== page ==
Fostering a shelter cat

Foster homes can be a vital part of a shelter’s “master plan” for saving animals. At Cats Cradle, we take great pride in our foster home program: Thanks to caring individuals and families (like you and yours), who step up when kitten homes are needed or when the shelters are full, Cats Cradle and the other local rescues have been able to save almost every adoptable cat from Fargo, Moorhead, and West Fargo since 2012 (we lost 2 in July 2012 due to lack of room). This is an amazing feat, considering that in the five years prior to 2012, between 430 and 700 cats were euthanized each year. Choosing to become a foster home means you have joined an amazing group of people who are truly changing the world for local cats and kittens.

Cats Cradle utilizes foster homes for many reasons including:

  1. Kitten foster care
    1. Caring for litters with moms
    2. Socializing older litters without moms
    3. Raising young orphans/bottle babies
  2. Emotional support foster care
    1. Supporting cats/kittens who need to decompress from stressful situations (for example, after a guardian has passed away)
    2. Helping extremely shy cats who need a lot of one-on-one time and attention as they learn to trust new people
    3. Caring for cats who find shelter living stressful.
  3. Medical foster care
    1. Providing quarantine overflow
    2. Supervising/monitoring weight management
    3. Monitoring/medicating cats recovering from illness
    4. Nursing cats recovering from surgery or trauma
  4. Short term respite or emergency fostering
    1. Respite fostering when a regular foster home goes on vacation or is otherwise unavailable
    2. Fostering on short notice for a few hours or a few days until we can find a long-term foster for the cat or kitten(s). Sometimes, we just need a place for new arrivals to go until we can work our way down the regular foster roster and get a hold of the right family for the situation!

Each type of fostering has its own requirements and skill set, but some things are universal. The universal requirements are:

  1. Foster cats should be kept in their own room, away from household cats. This is a conservative precaution that CCS encourages foster homes to respect.

Reasoning:

    • Cats can carry serious diseases there is no test for (like Feline Infectious Peritonitis) or they may have been exposed to Feline Leukemia or Feline Immunodeficiency Virus so recently that they haven’t developed enough antibodies to trigger a positive test result during our intake process. Many of these disease are contagious between cats to one degree or another.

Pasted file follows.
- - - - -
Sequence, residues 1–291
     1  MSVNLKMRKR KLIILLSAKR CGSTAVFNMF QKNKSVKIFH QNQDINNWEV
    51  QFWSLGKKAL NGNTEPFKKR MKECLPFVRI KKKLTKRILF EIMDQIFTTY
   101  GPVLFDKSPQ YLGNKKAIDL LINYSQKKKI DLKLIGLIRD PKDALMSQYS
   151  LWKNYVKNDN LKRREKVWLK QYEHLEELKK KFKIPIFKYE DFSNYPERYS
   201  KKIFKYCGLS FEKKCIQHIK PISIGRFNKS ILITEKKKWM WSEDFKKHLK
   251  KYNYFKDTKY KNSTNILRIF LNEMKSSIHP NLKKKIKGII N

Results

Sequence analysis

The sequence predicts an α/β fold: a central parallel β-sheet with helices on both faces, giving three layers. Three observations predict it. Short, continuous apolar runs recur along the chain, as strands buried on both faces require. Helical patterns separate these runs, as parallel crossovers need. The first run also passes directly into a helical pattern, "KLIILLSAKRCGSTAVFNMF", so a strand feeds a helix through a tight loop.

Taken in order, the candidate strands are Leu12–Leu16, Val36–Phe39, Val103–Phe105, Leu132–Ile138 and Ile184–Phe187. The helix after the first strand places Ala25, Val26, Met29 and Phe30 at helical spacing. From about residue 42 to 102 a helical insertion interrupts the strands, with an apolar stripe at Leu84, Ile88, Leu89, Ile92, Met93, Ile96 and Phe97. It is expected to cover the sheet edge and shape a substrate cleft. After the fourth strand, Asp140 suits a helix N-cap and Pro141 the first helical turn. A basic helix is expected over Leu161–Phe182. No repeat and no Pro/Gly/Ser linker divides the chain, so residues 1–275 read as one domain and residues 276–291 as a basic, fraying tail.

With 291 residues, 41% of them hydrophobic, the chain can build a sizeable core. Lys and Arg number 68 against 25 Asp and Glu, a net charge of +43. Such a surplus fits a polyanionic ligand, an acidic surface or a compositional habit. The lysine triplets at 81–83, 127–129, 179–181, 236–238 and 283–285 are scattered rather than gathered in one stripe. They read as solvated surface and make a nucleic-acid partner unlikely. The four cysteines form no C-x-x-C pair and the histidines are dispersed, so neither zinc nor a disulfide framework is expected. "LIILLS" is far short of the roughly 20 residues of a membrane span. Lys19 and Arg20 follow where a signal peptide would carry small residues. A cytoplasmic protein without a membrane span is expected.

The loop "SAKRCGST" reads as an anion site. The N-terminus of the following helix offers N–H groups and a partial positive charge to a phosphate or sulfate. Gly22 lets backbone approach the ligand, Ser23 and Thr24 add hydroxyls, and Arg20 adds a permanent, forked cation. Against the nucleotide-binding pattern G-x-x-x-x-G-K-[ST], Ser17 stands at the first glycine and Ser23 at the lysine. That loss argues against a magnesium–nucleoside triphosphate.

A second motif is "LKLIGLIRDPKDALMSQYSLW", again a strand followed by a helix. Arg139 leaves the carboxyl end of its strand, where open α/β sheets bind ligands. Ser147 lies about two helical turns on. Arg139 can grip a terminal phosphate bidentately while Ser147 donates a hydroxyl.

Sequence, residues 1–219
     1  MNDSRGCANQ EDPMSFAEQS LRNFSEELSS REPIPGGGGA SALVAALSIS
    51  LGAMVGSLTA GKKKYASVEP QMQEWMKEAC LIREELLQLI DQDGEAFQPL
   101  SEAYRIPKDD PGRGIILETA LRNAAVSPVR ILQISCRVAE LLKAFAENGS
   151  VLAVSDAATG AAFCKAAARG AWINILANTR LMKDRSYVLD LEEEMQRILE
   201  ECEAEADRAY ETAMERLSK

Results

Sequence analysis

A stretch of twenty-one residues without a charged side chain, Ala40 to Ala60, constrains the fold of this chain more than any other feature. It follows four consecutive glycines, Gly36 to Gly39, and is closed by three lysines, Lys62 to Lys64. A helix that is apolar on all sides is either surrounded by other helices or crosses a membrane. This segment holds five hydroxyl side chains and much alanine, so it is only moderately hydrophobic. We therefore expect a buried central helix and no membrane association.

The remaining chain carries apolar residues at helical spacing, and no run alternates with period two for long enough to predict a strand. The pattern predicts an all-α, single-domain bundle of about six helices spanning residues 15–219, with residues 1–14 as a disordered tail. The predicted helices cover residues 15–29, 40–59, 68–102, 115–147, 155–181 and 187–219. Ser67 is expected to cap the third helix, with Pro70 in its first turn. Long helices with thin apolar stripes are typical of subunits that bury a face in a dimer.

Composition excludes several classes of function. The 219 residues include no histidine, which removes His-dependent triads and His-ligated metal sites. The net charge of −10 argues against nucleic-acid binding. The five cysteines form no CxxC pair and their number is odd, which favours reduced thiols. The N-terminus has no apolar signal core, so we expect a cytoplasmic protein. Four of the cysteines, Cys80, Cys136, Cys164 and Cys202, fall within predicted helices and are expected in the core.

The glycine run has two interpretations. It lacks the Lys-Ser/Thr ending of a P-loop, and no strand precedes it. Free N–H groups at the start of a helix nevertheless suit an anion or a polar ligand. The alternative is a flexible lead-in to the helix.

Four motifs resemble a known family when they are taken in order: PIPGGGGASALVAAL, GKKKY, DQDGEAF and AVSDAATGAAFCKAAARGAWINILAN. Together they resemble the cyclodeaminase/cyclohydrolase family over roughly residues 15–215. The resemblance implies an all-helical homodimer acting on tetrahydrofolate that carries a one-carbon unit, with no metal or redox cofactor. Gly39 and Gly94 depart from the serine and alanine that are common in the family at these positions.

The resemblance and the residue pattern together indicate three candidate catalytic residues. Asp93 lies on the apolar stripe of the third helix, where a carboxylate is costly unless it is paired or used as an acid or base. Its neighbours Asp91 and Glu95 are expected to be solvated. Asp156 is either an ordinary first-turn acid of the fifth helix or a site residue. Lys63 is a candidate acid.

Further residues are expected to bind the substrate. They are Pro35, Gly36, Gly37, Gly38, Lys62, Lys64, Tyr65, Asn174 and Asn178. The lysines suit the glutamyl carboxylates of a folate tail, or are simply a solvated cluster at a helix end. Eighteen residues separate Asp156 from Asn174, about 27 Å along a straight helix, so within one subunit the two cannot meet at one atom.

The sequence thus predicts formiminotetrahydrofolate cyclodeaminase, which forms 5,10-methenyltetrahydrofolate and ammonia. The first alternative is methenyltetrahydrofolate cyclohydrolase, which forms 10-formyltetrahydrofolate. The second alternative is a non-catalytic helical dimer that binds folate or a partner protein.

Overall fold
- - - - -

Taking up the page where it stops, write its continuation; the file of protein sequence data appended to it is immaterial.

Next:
• Cats will frequently show minimal symptoms of less severe illnesses like eye, ear, or respiratory infections until the situation is fairly advanced. Bacterial, viral, and fungal illnesses are contagious to household pets.
    • Cats who are shy, elderly, or recovering from illness/injury can find interacting with strange, new cats stressful and that may provoke setbacks in their progress.
    • Young kittens do not have mature immune systems. Household pets may carry trace amounts of infectious agents that wouldn’t faze an adult cat, but which can endanger or kill a vulnerable kitten.
    • If you choose to allow your personal cats to interact with foster cats, you assume all liability for injuries, illnesses, etc that may occur. If you are going to allow contact between foster cats and personal cats, speak with your veterinarian about vaccination protocols (they may recommend an FELV vaccination for your personal companions) and other precautions they may suggest.
  1. Foster homes will provide a safe, cat-proofed environment & adequate food, water, and social time for their foster cats. The foster cat(s) immediate environment should be kept relatively clean (we know food gets spilled and litter gets kicked around, but it should be picked up regularly). Cats like routines, so keeping to a schedule for feeding and play times cat reduce stress and help cats adapt to new environments.
  2. Foster homes will protect the foster cats in their care. Do not allow anyone in the household or visitors to scare or intimidate the foster cat (even if they think they are being funny), physically mistreat the foster cat, or engage in overly rough play.
  3. Foster homes will bring the foster cat/kittens to Cats Cradle for adoption open houses. Kittens start coming to open house after they are 8 weeks old and have had their first distemper shot. Prior to that time, too much handling and exposure to novel germs can stress kittens and make them sick. Older cats and those recovering from surgery should be brought when they are ready…which will be determined by conversations between the foster home and Cats Cradle staff. The timing will vary, depending upon the situation.
  4. Foster homes will bring the foster cat/kitten back to live at the shelter when the cat/kitten is ready. Again, the timing on this may vary and will be determined in conversations between the foster home and Cats Cradle. Cats Cradle will have the final word on when a foster cat will return to the shelter or be transferred to a different foster home.

Cats Cradle provides all the food, litter, and medical care for foster cats. We also loan out necessary equipment like a carrier, blankets, bowls, litter box/scoop, and toys if needed. We ask that the equipment be returned when the cat/kittens are adopted or join a shelter colony so we can sanitize it and use it for the next foster home.

Our Foster Home Coordinator works very hard to match the needs of each cat or litter with the skills/experience of the foster homes. We will never require a foster family to take on responsibilities outside their comfort level although many of our foster home get excited to take on new challenges as their confidence grows.

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